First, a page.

I will probably run again tomorrow after the mammoth 20-ker yesterday, taking on a gentle-ish 5k as I consider entering for Thursday’s race. Should I run against banana-man in my first ever race event?

I don’t know how I’ve got to a point where I think of a 5k race as a ‘short run’ but it is definitely a good feeling. That said, the banana I’m told finishes in under 24 minutes, and my best ever time for a 5k is about 28… so the run for me will be more along the lines of “defeated by the banana…”


Shake and bake…

Burnout: Paradise – updated with PY’s point of view

Charlie Brooker:

A bewildering combination of utterly compelling car-smashing gameplay and infuriating design decisions, which means that playing it is simultaneously fun and irritating, like eating a delicious cake with the occasional drawing pin in it.

Yes (thanks, Gil, for the pointer).

I too, have been spending more time than I have on this game on Xbox 360, courtesy of EA (they send me review copies). On this occasion, they sent me a PS3 version as well, which Patrick will guest-review soon and I’ll add to the blog.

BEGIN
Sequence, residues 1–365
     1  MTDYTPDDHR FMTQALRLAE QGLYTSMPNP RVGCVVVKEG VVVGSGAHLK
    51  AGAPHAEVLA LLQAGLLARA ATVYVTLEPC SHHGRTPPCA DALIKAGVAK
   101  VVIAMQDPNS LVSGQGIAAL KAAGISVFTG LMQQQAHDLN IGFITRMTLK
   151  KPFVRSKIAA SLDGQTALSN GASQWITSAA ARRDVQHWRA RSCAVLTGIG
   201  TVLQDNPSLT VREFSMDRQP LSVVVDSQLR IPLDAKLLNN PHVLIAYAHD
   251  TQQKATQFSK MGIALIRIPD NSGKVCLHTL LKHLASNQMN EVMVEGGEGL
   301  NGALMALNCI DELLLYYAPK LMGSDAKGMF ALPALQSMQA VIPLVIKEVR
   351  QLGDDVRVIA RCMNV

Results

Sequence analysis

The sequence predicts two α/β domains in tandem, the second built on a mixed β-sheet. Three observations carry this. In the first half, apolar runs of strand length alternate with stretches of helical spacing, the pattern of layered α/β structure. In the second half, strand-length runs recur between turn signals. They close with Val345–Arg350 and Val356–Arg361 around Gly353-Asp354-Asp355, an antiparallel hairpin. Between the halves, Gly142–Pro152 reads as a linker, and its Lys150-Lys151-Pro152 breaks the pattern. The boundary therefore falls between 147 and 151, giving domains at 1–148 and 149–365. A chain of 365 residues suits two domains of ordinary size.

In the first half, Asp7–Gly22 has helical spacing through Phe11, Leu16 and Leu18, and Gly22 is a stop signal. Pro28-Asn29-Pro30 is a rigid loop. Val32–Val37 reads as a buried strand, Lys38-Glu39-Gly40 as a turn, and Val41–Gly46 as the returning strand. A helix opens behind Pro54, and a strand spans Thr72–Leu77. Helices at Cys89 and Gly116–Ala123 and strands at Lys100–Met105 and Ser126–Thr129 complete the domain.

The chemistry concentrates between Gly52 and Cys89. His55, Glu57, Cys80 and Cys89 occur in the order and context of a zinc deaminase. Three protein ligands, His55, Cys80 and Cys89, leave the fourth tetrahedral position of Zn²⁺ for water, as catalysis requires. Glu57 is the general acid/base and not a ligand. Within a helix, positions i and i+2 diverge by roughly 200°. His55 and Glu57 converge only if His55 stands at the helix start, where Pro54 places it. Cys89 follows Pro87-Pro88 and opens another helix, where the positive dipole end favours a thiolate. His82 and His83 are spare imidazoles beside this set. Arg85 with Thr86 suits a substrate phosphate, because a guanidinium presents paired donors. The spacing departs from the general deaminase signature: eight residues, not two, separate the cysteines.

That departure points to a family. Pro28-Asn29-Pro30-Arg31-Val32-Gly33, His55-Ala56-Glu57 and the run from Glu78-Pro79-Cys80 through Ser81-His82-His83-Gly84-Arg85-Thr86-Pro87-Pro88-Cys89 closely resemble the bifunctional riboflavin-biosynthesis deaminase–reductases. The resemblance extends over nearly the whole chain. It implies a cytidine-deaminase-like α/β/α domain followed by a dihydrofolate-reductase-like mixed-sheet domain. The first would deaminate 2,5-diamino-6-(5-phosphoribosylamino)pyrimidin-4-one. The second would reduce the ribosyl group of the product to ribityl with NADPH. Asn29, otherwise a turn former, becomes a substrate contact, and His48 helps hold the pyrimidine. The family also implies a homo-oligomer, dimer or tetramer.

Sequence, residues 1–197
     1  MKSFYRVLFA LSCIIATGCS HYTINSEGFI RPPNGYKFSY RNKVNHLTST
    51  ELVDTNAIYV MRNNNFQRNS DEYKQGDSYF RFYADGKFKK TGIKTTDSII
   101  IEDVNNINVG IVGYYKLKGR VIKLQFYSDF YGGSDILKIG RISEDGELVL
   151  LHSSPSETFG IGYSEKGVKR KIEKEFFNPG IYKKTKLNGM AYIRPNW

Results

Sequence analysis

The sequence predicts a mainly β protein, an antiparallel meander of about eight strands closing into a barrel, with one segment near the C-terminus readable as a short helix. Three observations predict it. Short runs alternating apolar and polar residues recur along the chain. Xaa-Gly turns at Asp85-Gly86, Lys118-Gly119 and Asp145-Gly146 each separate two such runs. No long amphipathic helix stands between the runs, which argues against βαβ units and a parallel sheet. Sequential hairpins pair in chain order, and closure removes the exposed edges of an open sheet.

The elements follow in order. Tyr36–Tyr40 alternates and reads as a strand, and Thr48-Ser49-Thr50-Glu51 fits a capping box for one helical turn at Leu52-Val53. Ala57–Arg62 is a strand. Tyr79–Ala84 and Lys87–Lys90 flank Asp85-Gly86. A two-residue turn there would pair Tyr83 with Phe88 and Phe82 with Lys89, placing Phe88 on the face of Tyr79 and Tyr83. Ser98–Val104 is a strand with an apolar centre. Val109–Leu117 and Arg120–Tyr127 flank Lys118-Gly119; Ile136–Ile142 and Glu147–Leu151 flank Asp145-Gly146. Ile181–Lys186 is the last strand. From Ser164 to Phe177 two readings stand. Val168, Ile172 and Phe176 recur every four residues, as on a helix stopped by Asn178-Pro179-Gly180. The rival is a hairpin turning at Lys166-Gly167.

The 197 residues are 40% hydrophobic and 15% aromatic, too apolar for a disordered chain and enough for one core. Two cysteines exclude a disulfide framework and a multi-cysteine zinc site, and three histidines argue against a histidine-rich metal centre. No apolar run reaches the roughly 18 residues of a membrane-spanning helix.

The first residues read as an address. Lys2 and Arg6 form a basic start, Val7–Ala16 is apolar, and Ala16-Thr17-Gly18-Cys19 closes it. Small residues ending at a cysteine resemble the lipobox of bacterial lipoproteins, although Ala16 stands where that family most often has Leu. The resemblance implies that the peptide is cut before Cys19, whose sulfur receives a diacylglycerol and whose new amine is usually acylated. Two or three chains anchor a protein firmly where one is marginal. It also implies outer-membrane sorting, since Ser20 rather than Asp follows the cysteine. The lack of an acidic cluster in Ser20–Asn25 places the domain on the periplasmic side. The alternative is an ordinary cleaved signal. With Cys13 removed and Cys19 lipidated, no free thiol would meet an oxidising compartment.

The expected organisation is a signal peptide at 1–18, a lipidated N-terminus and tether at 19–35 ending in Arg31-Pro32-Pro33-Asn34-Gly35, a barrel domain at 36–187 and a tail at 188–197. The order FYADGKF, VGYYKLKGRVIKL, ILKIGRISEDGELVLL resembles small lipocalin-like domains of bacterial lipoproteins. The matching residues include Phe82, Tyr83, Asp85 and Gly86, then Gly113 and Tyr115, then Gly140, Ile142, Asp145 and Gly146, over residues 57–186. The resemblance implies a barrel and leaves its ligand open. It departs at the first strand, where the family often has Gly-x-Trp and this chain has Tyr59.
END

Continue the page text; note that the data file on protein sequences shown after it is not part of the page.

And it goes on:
It is an absolutely beautiful and very entertaining game; the Xbox Live action is smooth, seamless and instantaneous (but won’t work if you don’t have a hard drive in your 360), the graphics amazing and the race modes as fun as they’ve ever been in Burnout. But…

…there’s no splitscreen option, that I can find. Which is half the way I enjoyed the game in the past, so its an annoying design decision, as Charlie points out.

…there’s no way to immediately ‘restart’ a race.

…free-roaming is all well and good, but it makes ‘instant action’ of the kind you might be inclined to have hard to come by (I used to spend more time than was healthy on ‘crash’ modes, or whatever it was called, when you had to cause lots of damage to passing vehicles).

Other than those – significant issues – this game is flawlessly executed. If you were ever a fan of Burnout, you’ll enjoy the visit. If you thought Burnout was a bit to linear and formulaic, you’ll love it. If you need split screen action… you’ll be disappointed.